I was never much of a car geek. I never spent hours in the driveway adding some mod to my ride to show it off to the world. Not even as a teenager when I owned a kick-ass ’76 Chevy Nova, which was ripe for it. Nope, I was perfectly happy with it’s factory-standard, light-blue, no-frills build that got me from point A to point B.
That didn’t stop me from thumbing thru my collection of Hot Rod Magazines to admire the workmanship and dedication of true enthusiasts. I’d fantasize about what it would be like to find myself elbow deep in grease and sweat, then cruising the streets later that night. Maybe grabbing a burger and a milkshake and swapping automotive war stories with my compadres. But then I’d realize I’d rather spend money on music and beer.
Still, the release of this book with a painfully obvious title called ‘Hot Rod Magazine All the Covers‘ is something to be celebrated. Like it or not, the car is etched in the very stone of American culture. And the hot rod is to the car what Jazz is to music.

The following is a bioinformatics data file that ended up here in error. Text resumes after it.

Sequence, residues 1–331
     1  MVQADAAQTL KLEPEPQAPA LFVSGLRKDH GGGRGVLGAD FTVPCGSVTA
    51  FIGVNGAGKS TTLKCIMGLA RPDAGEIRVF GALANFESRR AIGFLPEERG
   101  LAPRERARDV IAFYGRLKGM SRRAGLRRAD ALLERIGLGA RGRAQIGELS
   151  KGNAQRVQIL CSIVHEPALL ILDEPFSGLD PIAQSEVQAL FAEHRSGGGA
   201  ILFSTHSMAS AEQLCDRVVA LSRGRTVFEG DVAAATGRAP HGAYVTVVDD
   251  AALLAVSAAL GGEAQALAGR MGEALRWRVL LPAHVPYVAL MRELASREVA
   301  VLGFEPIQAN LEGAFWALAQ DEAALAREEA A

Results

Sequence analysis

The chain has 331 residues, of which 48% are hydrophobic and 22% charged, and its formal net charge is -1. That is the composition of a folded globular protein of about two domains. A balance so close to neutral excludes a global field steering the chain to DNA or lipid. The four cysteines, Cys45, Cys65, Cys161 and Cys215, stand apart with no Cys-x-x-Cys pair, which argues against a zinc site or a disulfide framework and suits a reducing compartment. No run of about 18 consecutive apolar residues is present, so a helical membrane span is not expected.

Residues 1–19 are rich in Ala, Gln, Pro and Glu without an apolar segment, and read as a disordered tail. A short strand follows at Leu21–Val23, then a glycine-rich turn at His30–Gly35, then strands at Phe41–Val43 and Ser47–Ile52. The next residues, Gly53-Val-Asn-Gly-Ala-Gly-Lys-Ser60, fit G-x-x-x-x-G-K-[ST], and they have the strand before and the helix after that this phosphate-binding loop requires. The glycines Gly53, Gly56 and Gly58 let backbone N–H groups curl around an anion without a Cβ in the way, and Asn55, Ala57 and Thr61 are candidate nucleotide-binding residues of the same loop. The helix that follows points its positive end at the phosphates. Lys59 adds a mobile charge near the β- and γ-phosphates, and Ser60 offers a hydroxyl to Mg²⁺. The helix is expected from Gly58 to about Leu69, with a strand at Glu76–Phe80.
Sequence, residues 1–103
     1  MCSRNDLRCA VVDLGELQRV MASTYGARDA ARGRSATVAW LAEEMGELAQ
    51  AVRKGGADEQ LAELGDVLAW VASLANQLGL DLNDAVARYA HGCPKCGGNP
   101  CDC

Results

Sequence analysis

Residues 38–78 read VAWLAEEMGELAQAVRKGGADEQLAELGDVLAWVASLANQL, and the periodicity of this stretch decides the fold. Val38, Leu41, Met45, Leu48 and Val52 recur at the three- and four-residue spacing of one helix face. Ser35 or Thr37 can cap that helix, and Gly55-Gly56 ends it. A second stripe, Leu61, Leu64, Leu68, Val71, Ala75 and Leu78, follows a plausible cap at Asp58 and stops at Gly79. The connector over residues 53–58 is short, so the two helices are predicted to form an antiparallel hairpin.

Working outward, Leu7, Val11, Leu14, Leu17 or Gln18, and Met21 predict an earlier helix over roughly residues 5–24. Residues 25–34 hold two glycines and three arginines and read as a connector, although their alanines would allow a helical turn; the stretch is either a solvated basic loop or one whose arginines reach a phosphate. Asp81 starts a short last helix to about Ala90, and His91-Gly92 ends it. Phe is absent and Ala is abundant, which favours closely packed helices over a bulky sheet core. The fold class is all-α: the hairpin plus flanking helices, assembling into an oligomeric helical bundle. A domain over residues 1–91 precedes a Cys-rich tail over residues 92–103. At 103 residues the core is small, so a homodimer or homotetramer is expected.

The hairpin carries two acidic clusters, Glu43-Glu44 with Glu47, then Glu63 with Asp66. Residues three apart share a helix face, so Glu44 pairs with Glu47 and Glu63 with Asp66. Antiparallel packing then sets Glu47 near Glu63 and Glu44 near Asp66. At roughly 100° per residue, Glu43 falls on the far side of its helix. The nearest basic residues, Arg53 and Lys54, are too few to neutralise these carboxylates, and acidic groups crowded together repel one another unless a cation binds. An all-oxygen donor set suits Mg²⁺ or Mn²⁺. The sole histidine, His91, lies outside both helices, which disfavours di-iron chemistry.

Since 1948, Hot Rod Magazine has featured some of the most amazing cars on it’s covers, built by regular guys. As the standard bearer for all things cool on the road, being picked for a cover would be the ultimate achievement for any hardcore hobbyist.
Whatever anyone’s thoughts about the environmental impact these bad-ass machines may have on the world, there is still a teenager in every American guy that dreams of owning one of them or — at the very least — dreams of taking one of these babies out for a spin thru the desert or along a coast somewhere. Even if it’s just until you happily fall back into your sensible and kind Honda Civic (like me).
I had to include a page from the year I began driving
And who knows? Perhaps the Telsa Roadster is an omen of things to come. Could there be fuel-efficient (or even fuel free) versions of the Hot Rod coming in the near future? Maybe, but for now, let’s look at the pretty pictures.